# Dot Distribution vs Graduated Symbols Maps

## Dot Distribution vs Graduated Symbols vs Proportional Symbol Maps

What’s the difference between **dot distribution**, **graduated symbol**, and **proportional symbol** maps?

All three types of maps represent quantities using dots (but it doesn’t necessarily have to be dot symbols).

While dot distribution maps use **multiple dots** to represent quantity, graduated and proportional symbol maps **adjust the size of a single dot** based on quantity.

Cartographers often consider graduated symbol maps and proportional symbol maps interchangeably. But these are two different types of maps.

### Proportional Symbol Maps

The main idea behind proportional symbol maps is that a larger symbol means “more” of something at a location.

For example:

In a population **proportional symbol map**, New York will have a larger dot than San Francisco because it has a larger population. And this is also true for a graduated symbol map.

But how proportional symbol maps are different from graduated symbol maps is that symbology is unclassed. In other words, proportional symbol maps scale dots with **absolute magnitude**.

For example, this proportional scale map displays the county population:

In ArcMap, you only set the size of the smallest symbol. From there, each symbol is scaled upwards reflecting the quantity.

If you use **Flannery Compensation**, it adjusts symbol sizes to compensate for the reader’s underestimated perception of the size of circular symbols.

### Graduated Symbol Maps

Similar to proportional symbol maps, graduated symbol maps scale the size of symbols **proportionally** to the quantity or value at that location. If it’s a polygon, then it’s most likely the centroid for that location.

While proportional symbol maps scale symbols with absolute magnitude, graduated symbol maps divide quantities into classes. It creates classes using data classification techniques like equal interval, quantile, and natural breaks.

For example, this graduated symbol map divides the population into 4 separate classes. Each of these classes has a specific size dot depending on where the county population falls into.

An advantage of graduated symbol maps over choropleth maps is that the **size of the geographic feature doesn’t matter**. When you shade by color, people tend to pay more attention to larger features. Often the case, smaller features can get overlooked.

And don’t forget that the symbol doesn’t have to be a dot or square. In general, it’s easier to compare circles and squares compared to other symbols.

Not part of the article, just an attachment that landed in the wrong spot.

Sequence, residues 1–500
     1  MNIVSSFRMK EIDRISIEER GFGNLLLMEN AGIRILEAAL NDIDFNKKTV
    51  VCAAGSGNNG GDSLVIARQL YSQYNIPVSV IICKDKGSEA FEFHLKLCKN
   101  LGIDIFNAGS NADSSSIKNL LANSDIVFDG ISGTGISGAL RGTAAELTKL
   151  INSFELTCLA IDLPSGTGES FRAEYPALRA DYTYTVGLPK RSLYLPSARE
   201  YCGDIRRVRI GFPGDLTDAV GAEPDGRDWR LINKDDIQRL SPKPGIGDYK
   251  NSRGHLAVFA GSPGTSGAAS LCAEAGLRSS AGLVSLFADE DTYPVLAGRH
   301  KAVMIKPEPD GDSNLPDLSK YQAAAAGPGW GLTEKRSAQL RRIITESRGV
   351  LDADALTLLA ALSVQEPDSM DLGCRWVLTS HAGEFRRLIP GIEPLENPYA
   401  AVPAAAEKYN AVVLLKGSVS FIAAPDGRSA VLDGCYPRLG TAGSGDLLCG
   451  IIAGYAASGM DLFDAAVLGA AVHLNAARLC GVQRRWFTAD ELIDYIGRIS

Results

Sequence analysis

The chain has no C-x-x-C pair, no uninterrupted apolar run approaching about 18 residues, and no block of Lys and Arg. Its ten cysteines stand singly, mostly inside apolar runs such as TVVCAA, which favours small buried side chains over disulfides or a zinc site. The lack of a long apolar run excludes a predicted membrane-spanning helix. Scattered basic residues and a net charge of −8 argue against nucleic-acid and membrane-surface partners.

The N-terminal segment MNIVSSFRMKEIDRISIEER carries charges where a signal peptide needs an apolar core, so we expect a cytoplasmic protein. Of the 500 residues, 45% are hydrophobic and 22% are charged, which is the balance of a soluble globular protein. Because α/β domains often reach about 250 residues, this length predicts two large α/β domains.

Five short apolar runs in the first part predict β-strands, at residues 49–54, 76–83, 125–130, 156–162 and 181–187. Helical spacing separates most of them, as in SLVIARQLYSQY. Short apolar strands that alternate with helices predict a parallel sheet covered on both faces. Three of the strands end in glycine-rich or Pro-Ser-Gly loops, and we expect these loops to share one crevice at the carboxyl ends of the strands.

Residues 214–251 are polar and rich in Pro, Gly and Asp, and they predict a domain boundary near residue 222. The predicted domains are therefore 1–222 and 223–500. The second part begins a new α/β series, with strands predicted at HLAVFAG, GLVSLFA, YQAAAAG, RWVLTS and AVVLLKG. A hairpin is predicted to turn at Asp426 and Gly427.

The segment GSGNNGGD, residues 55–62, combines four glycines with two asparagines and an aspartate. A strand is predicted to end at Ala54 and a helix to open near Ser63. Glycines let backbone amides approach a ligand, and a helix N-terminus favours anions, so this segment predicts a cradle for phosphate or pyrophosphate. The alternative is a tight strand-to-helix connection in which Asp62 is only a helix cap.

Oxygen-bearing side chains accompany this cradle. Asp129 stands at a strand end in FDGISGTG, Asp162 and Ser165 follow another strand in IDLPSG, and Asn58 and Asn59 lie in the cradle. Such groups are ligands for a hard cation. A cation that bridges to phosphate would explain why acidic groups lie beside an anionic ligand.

### Dot Distribution Maps (Dot Density Maps)

Dot distribution maps (or dot-density maps) depict a quantity for a given area by filling it in with small dots. Because each dot represents a quantity, you can expect that quantity every time you see that dot on the map.

Instead of larger symbols meaning “more” of something like in the previous two maps, dot distribution maps **show “more” dots**. For example, here is a dot distribution map for US census tracts where each dot is 50,000 people.

If the county doesn’t reach 50,000 people, then the county doesn’t get a dot at all. Thus, finding the minimum value in a dot distribution map is extremely important.

One of the disadvantages of dot density maps is that it’s **difficult to extract quantities from them**. For graduated symbols or proportional symbols, it’s easy to estimate value based on the size of the symbol. But for dot-density maps, it’s tedious to count small-sized dots for a large quantity.

## Dot Distribution vs Graduated Symbols vs Proportional Symbol Maps

All three types of maps represent quantities using dots. But it doesn’t have to be symbolized as dots for symbols.

**Graduated symbol maps** and **proportional symbol maps** scale the size of the symbol based on value.

But gradual symbols put each value into a class and scale it based on that “bin”.

**Dot distribution maps** are different because they just add more dots instead of scaling them larger.

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